David Lazarus's Los Angeles Times column today lays out what everyone who's studied the problem knows needs to be done.
- Since we can't afford subways everywhere we need them, create "virtual subways," i.e. exclusive bus lanes on all the major boulevards, by eliminating car lanes. (The Metro Rapid bus network, compromised as it is, was in many ways designed to help people discover this for themselves. When the Rapid was being invented in the 1990s, the LA city council wasn't willing to consider bus or HOV lanes on arterials. So Metro took the view, "let's do everything we can to make an attractive fast rail-transit-like bus service, so that more people will care about buses getting through." That's pretty much what the Metro Rapid is, and did.)
- Fund transit expansion by hitting up motorists, via gas taxes or congestion pricing.
He also mentions one idea that may be a bit more divisive among transit advocates:
Longer term, although I believe subways are best for metropolitan areas, L.A. would probably be best served by an elevated rail system — maybe a monorail, maybe something else. Elevated lines and stations are significantly cheaper to build than subways, and it would be relatively easy to begin with existing freeway routes.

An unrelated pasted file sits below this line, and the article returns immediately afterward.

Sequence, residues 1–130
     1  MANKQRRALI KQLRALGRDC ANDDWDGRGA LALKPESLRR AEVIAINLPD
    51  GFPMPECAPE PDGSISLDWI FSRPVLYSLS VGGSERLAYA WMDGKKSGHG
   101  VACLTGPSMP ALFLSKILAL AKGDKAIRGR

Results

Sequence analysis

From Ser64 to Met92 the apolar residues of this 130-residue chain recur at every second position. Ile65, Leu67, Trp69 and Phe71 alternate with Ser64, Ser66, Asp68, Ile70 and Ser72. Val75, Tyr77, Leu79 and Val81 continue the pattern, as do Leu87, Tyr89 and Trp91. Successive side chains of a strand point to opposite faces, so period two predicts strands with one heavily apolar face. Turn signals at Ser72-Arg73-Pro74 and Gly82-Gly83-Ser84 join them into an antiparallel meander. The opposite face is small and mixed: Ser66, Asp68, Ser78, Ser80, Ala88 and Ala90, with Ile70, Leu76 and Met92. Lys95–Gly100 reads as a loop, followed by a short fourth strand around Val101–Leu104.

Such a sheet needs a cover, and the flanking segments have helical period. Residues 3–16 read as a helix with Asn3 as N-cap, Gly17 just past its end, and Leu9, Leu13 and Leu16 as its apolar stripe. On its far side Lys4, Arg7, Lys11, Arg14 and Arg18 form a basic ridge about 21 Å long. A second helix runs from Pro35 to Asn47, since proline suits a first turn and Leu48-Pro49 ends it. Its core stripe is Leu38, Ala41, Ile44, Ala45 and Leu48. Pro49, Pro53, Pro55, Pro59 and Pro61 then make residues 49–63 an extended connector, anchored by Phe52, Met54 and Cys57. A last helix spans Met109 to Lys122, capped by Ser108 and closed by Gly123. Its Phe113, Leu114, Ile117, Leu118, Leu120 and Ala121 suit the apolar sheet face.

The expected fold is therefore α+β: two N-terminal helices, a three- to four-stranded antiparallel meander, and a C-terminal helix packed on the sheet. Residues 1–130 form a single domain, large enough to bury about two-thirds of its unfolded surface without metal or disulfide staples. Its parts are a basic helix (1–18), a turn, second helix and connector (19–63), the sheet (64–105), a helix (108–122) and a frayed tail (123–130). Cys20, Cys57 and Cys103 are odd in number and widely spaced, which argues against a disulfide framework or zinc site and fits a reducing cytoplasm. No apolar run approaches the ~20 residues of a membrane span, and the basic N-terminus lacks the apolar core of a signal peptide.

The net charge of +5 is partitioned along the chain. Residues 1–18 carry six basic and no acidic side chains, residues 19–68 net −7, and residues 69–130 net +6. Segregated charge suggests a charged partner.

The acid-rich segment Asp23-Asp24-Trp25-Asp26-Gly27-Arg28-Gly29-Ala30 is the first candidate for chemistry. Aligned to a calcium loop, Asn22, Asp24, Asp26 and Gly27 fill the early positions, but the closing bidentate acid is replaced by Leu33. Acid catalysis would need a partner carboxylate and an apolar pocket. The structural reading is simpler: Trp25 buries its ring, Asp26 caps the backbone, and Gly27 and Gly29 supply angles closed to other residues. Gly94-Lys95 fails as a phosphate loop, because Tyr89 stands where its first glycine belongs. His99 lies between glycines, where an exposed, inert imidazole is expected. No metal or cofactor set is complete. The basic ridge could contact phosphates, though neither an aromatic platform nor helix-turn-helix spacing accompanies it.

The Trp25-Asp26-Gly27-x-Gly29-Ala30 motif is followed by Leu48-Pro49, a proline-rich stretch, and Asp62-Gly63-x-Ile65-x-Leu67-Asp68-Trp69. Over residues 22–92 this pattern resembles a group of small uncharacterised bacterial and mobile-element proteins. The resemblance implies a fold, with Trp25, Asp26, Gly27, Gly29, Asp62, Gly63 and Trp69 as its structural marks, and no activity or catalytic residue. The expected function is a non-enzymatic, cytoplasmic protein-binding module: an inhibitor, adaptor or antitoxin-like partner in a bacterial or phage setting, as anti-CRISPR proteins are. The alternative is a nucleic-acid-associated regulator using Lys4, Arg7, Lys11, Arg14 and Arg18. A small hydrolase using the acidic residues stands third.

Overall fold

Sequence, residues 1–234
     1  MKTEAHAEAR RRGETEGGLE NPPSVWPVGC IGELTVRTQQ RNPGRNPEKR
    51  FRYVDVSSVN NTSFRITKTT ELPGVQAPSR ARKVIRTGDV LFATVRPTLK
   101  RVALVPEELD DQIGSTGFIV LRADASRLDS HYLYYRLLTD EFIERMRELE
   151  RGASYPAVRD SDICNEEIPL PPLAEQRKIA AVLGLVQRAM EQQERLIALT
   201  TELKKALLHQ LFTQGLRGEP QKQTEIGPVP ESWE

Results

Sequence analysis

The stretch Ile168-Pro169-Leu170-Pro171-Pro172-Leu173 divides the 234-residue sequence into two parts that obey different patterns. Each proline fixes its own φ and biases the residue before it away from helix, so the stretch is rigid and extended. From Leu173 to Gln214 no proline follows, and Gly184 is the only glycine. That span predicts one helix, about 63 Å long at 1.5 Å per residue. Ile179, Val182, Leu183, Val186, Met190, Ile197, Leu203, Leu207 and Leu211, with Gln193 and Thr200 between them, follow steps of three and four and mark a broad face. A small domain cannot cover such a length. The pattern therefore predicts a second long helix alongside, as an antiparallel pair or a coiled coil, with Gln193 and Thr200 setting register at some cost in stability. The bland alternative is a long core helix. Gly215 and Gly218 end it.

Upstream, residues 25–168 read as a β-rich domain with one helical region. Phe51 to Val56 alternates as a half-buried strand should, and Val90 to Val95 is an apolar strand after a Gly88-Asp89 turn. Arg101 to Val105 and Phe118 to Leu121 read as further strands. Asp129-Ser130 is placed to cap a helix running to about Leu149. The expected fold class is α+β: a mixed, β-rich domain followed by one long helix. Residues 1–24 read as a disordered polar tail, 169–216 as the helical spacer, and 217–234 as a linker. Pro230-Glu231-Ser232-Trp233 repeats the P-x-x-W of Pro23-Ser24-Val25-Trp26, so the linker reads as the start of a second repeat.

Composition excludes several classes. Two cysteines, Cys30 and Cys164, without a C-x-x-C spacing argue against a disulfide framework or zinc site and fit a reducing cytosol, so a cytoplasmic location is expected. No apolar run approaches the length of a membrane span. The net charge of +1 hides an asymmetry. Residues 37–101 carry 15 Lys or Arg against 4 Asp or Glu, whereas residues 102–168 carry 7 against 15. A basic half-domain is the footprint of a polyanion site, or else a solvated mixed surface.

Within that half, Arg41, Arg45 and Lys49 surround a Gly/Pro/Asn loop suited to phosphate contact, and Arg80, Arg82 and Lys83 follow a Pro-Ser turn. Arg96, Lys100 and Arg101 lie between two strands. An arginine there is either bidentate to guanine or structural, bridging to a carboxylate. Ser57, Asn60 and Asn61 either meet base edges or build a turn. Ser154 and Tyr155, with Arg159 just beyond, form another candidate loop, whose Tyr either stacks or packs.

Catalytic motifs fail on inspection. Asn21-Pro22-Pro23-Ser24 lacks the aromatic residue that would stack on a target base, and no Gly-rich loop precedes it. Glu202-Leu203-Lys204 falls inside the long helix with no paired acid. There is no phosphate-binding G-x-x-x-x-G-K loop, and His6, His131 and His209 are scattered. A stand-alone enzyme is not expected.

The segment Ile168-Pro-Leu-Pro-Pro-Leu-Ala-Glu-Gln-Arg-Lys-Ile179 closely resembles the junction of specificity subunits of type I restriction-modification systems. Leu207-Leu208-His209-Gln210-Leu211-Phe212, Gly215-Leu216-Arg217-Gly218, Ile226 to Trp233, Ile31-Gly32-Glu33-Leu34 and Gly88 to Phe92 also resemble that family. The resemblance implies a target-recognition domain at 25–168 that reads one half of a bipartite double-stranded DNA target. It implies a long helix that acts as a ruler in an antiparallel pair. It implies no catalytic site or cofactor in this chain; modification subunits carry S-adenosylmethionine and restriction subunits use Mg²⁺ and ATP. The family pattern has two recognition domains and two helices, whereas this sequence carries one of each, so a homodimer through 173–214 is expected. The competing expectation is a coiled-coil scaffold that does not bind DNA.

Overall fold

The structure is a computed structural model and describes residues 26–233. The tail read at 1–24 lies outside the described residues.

For example, an elevated track could run down the center of the 405 to the 10, make its way downtown and then loop up the 101 back to the 405. Once that's running, we build out from there. Getting a line to Los Angeles International Airport would be very high on my to-do list.
I wonder if that bit was influenced by Steve Hymon's recent survey of past monorail visions in LA. Apparently there was a plan in 1960 for monorails along all the major freeways, and also on Wilshire Blvd. It looked like this:
(From Dorothy Peyton Gray Library at Metro, via The Source)
Rail transit in freeway medians still presents major challenges for both land-use and customer experience, as explored here. If the line is elevated over the freeway, as a monorail would be, you would have problems with siting stations, as they would need to be high above freeway interchanges, possibly quite a long way, both horizontally and vertically, from anywhere anyone might be going.
Still, it's interesting to see this kind of thinking -- especially the practical notions about bus lanes and funding -- coming from a mainstream columnist. None of it is his idea, but when you're a columnist, anything can be your idea.